Levels of distress, which include stress, depression, and anxiety, are often heightened during the final year of secondary school and have been linked to major examinations that occur during this time period. However, relatively little is known about how these symptoms change over the course of the year or what moderates symptom severity. Using a longitudinal survey design, we tracked student outcomes and potential moderators (i.e., gender, test anxiety, self-efficacy, connectedness with peers, school and family, perceived use of fear appeals by teachers) associated with stress, depression, and anxiety once per term (i.e., 4 times total) over the final year of high school in seven Australian high schools. We hypothesised that student symptoms would increase over time and that symptom severity would be moderated by individual and environmental factors. Six hundred and thirty-eight unique students (M age = 16.95 years, SD = 0.56, range = 15–18 years, female = 474 [74.29%]) participated in at least one of the four surveys administered during each term of the final year of high school. Linear mixed models indicated that stress (d = 0.2) and anxiety (d = 1.7) increased over time. When all potential moderators of distress were entered into the full model, gender, test anxiety, emotional self-efficacy, and peer connectedness were all significant unique predictors of stress. Similar patterns were found for symptoms of depression and anxiety. Time 3 stress was predicted by unique variance in baseline stress, higher test anxiety, and academic self-efficacy. Overall distress increased over time and was moderated by gender, as well as by test anxiety, self-efficacy, and peer connectedness, which are areas that can then be targeted by interventions designed to maintain distress at optimum levels for wellbeing and academic performance.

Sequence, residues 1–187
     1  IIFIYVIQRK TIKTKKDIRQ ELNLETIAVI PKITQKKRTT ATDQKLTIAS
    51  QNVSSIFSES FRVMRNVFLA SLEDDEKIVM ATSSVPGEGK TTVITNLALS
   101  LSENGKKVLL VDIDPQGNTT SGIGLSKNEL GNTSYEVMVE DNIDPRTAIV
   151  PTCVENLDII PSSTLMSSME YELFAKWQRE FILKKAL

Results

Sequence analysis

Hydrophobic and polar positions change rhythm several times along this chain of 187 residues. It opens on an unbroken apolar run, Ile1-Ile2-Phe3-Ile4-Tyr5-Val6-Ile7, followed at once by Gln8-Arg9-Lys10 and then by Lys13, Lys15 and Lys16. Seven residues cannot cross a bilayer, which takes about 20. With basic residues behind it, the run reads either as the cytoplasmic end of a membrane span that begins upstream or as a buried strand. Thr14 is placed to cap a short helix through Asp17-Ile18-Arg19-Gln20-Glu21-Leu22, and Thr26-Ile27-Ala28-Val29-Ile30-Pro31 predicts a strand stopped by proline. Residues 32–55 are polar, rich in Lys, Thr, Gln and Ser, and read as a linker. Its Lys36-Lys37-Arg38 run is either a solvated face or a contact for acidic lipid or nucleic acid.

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- student stress
- anxiety, depression, secondary school
- test anxiety
- high stakes testing